APT Group Targets Encryption Software Users
Users in the market for encryption software are generally astute when it comes to security. They’re unlikely to be duped by social engineering ploys.
Ironically, this makes them valuable targets for cybercriminals. According to Kaspersky Lab research, one group of attackers went after more than 1,000 encryption software users in Europe, North Africa and the Middle East.
The attacks, known as StrongPity, emulate the Crouching Yeti advanced persistent threat (APT) activity observed in early 2014, Kaspersky Lab reported.
The attackers behind the Crouching Yeti events turned software installers, such as virtual private network (VPN) and camera software installers, into Trojans that access victims’ networks. StrongPity used the same technique, but it leveraged different software groups. Unlike Crouching Yeti, StrongPity specifically targeted users of encryption installers.
The attacks involved some clever misdirection. The actors launched a website that mimicked the genuine WinRAR site, complete with malicious links that redirected users to malware installers hosted on ralrab.com, a deceptive play on the legitimate URL, rarlab.com. The group hit the Italian support site, which explains why 87 percent of victims were located in Italy, according to the report.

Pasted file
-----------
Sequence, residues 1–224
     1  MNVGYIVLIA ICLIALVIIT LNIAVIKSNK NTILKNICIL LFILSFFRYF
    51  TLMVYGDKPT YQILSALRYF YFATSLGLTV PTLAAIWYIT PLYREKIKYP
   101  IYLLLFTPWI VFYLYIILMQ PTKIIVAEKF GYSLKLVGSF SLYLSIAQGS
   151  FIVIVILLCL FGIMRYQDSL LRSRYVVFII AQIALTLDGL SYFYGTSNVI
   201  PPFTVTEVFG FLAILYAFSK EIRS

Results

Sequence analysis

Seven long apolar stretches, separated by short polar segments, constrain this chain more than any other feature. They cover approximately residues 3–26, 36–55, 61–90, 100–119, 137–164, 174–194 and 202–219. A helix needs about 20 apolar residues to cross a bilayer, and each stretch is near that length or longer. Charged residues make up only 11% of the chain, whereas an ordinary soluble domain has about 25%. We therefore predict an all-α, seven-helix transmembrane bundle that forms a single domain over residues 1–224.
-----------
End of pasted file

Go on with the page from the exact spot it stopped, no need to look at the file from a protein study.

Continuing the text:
This fake site went the extra mile by generating a recommended package for each individual victim based on browser location and processor capability. Of course, the package contained a tainted version of WinRAR.
Targeting Encryption Software
StrongPity didn’t stop there. The group also created a fake TrueCrypt website in an attempt to mislead visitors. Users who accessed the download website Tamindir were redirected to the phony site, where, again, malicious links awaited.
“The StrongPity droppers were often signed with unusual digital certificates, dropping multiple components that not only provide complete control of the victim system, but effectively steal disk contents and can download components for further collection of various communications and contacts,” Kurt Baumgartner, principal security researcher at Kaspersky Lab, wrote on the blog.
In other words, this malware wants to take over your machine and spy on you. It’s simple, really — harden up or be compromised.